One of the cardinal rules of parenting is that we shouldn’t compare our kids. We shouldn’t compare them to other kids, and we shouldn’t compare our own kids to each other. I know this, and yet, I’m terrible at avoiding the comparison game. I know my kids are wonderful and beautiful and smart and exactly who they are meant to be. But, like most parents, I worry about them. I worry about their mental health and physical health. I worry that they might not have a friend at recess and feel excluded. And I worry that they might struggle—emotionally, academically, athletically—and what facing those struggles will mean for them as they try to keep up with other kids.
I know children need to face challenges and only by overcoming adversity do they grow into tough, resilient adults who know how to get back up when they fall down. I know that. But I’m a mom, and I still worry. And that worry leads me to compare my kids to other kids and to their siblings, just because I want to ensure they’re okay.
For example, my older two children are very academic-minded. They love reading and writing and sitting and drawing and basically all things “school.”
As a child, I also loved all those things and ended becoming an English teacher myself in the hopes of imparting my love for literature and analyzing texts and writing character development essays unto my impressionable students. I mean, who doesn’t love a good Hamlet monologue, amiright?! Then, I went to become a writer—as in someone who chooses to write for a living.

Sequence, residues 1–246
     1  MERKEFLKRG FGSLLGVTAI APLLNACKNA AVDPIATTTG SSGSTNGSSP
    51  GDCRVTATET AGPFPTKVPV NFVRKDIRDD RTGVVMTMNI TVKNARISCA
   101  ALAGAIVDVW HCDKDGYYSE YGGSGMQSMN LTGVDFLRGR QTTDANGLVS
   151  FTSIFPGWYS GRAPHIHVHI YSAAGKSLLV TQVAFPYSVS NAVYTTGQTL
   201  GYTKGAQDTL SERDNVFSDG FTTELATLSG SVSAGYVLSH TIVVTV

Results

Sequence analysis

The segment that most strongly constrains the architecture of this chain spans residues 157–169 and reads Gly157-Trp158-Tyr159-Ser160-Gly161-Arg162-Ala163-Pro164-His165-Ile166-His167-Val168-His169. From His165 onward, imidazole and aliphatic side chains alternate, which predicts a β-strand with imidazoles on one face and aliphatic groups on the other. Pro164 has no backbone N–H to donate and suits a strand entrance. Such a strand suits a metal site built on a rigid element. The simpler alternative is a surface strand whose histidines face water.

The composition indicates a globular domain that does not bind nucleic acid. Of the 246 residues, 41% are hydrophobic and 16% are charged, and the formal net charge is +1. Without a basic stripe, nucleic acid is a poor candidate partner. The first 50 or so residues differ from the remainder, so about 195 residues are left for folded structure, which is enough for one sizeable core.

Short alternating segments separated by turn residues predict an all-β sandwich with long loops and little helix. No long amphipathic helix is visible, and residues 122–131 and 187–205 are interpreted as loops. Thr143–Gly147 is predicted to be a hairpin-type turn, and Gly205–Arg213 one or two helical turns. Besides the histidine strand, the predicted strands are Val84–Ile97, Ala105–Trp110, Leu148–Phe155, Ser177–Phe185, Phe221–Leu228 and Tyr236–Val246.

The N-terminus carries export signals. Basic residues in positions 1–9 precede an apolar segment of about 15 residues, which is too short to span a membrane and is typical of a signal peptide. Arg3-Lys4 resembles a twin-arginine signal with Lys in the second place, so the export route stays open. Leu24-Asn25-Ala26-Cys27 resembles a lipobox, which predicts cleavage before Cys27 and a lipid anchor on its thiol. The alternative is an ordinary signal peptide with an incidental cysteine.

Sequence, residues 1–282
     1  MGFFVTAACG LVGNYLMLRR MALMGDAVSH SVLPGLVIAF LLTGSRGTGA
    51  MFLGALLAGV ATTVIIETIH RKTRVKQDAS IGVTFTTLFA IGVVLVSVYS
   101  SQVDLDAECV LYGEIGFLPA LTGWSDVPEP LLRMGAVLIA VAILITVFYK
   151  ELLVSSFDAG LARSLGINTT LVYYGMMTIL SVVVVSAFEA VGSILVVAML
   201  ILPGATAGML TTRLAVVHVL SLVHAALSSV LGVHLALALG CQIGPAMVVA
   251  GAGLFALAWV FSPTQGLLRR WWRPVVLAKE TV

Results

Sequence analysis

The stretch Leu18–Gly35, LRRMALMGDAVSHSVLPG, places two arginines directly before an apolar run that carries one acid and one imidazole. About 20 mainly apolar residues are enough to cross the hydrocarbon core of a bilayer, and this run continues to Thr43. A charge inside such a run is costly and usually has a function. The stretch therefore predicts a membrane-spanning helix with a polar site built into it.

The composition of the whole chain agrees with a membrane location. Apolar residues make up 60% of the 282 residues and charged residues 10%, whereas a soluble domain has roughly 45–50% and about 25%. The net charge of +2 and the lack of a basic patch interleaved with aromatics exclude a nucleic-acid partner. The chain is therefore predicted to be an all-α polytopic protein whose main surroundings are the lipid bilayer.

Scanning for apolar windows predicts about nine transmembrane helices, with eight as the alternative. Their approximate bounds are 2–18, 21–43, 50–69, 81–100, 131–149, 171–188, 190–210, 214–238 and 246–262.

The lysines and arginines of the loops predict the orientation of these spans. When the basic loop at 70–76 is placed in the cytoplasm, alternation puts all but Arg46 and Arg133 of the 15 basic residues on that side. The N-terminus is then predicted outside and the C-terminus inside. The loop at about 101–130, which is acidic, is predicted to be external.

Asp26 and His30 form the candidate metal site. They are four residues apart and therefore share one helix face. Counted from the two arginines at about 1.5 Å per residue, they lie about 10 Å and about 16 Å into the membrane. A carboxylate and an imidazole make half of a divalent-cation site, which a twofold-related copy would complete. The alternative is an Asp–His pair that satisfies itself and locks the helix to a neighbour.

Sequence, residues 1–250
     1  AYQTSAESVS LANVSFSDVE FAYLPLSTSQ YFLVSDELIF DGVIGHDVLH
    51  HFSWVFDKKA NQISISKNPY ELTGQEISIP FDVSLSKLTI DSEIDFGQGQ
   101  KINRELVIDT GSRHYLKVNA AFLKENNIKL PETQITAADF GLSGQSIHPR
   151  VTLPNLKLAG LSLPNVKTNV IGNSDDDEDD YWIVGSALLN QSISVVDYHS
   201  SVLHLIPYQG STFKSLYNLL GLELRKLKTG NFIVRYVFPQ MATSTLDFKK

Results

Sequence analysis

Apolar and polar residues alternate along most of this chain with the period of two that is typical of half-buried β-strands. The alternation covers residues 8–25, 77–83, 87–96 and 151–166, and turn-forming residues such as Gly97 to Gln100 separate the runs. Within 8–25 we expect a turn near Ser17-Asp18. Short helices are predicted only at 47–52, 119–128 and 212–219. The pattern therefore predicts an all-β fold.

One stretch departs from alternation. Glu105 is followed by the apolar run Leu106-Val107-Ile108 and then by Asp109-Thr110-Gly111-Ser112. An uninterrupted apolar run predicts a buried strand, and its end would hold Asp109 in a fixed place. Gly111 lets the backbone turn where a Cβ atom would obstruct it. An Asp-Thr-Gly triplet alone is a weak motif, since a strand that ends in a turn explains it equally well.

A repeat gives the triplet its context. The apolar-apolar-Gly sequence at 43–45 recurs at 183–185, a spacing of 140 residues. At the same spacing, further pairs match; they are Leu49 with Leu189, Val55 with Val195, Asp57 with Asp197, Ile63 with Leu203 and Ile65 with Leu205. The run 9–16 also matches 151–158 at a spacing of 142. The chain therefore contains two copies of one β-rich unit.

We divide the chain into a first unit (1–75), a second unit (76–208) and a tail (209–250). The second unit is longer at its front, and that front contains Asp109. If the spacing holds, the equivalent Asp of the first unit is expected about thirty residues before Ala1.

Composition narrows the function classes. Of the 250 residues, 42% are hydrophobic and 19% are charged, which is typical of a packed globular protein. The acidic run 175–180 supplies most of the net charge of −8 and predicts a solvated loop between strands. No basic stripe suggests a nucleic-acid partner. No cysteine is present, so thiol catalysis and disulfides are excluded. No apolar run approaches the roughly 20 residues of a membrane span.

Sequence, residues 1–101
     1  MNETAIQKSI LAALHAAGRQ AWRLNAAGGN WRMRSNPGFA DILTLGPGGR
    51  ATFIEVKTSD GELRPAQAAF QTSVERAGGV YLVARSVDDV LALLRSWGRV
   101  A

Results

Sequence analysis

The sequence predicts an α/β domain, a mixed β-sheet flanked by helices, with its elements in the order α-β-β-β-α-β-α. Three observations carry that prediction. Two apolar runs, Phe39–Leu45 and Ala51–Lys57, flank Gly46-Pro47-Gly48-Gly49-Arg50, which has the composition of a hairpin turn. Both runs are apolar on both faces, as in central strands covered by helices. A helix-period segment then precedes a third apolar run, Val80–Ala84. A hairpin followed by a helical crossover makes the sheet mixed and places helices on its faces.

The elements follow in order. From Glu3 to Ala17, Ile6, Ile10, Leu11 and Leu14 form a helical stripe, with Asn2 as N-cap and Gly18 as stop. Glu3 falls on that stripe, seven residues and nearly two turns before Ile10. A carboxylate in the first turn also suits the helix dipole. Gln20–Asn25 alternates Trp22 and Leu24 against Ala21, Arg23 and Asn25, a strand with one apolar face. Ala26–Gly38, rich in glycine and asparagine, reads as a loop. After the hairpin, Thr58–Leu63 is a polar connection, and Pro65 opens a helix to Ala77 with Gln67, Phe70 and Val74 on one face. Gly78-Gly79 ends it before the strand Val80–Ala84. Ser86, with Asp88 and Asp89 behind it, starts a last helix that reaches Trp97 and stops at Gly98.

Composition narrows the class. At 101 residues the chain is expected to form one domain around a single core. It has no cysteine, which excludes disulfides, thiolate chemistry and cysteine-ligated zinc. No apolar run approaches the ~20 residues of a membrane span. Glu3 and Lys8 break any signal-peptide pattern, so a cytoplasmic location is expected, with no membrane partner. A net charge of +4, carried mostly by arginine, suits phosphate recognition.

That means I can relate to my older two children in this way, and the three of us exist as a circle of book-loving nerds in a sea of stories and journals and post-it notes full of awesome quotes from our favorite authors and characters.
My third child is what we affectionately call our gorilla baby. He isn’t a huge fan of reading (my heart shatters over this daily) and he loathes writing with a burning, fiery passion. His favorite “subjects” in school are recess, lunch, and P.E. and he falls out of his chair frequently because “sitting is hard.”
So you can imagine that even though my older kids could write their names, addresses, our entire family’s names, and were working on short stories before entering kindergarten, the gorilla baby was… well… not quite there.